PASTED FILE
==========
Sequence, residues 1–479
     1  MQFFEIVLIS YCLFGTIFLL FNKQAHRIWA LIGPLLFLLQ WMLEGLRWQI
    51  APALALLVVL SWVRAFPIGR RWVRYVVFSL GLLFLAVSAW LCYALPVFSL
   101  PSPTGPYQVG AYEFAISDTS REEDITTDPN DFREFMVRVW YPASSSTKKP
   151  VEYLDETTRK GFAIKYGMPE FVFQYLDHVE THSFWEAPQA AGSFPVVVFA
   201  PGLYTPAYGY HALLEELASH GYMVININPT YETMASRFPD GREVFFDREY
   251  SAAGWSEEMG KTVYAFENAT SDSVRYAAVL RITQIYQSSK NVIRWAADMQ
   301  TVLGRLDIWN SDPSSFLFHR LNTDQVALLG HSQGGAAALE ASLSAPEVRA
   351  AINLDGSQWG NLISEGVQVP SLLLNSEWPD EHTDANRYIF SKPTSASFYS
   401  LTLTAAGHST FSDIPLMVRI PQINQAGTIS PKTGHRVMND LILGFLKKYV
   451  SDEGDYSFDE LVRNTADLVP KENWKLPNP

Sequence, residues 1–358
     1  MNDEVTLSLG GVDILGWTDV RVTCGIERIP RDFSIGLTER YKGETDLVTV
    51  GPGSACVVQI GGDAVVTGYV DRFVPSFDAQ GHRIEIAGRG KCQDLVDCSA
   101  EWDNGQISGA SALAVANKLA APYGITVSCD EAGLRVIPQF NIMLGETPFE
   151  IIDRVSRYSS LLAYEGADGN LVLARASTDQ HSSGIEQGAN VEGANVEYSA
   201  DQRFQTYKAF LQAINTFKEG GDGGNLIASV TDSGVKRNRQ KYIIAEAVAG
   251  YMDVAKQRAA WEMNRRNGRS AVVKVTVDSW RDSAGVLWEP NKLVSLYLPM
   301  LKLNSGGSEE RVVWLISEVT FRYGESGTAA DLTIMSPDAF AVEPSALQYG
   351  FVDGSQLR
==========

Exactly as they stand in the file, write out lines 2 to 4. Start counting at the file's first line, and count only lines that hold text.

     1  MQFFEIVLIS YCLFGTIFLL FNKQAHRIWA LIGPLLFLLQ WMLEGLRWQI
    51  APALALLVVL SWVRAFPIGR RWVRYVVFSL GLLFLAVSAW LCYALPVFSL
   101  PSPTGPYQVG AYEFAISDTS REEDITTDPN DFREFMVRVW YPASSSTKKP